I'm really an insurance company . . . but I play a doctor on TV.
All week, as the intensity of the health Care debate has been ratcheted up. Obama and reformers have had to defend against attacks on reform. These have gotten sharper and more destructive as poll numbers for reform sink, commensurate with many millions spent on coordinated ad and media reframing of the issue, a stunning replay of the Clinton Health Care Debacle. The new frame is: the system will be damaged by what the government does and patients will pay more and get less.
I would like to un-re-frame for a moment. The reality is there is no “system”. And that’s what the insurance industry likes: a chaotic scramble where business always win . . . because this is not a “health care” model. It is a business model. So the Big Insurance companies are companies. They make their decisions based on profit for their stockholders and investors. Not patients. The reform, the one Obama so clumsily tried to explain on Wednesday (why didn’t he call an illustrator?) is to give a Medicare option to everyone. If Medicare sucks for those under 65, then it must suck for those over 65. So why not come right out and say it?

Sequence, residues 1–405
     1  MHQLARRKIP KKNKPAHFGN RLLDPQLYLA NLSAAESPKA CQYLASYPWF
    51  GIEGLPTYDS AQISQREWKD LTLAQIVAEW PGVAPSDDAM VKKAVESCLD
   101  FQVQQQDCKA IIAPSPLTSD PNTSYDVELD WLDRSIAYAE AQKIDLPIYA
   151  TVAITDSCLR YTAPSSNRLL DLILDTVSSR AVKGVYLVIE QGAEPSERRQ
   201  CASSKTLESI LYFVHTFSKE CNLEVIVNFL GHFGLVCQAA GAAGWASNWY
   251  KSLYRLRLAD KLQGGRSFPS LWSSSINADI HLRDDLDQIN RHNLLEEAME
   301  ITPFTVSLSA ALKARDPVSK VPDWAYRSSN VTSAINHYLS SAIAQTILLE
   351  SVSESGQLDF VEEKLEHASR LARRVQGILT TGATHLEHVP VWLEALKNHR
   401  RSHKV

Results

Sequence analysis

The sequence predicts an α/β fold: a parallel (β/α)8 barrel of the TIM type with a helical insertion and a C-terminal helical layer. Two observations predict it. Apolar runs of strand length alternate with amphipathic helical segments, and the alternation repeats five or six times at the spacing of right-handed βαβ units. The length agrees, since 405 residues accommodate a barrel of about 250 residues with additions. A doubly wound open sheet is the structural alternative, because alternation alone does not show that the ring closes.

So Blue Dogs and Red Republicans, glowing in gold dust flowing from K Street, are talking about keeping this a business. Big business.
These corporations are throwing people off the system everyday and undercutting the rest of us for health care. This is rationing. And we all know it. The ads, media and pols want to keep this in the realm of “normal”. And it doesn’t belong there. It is a public need; a utility. A public utility. That’s my frame.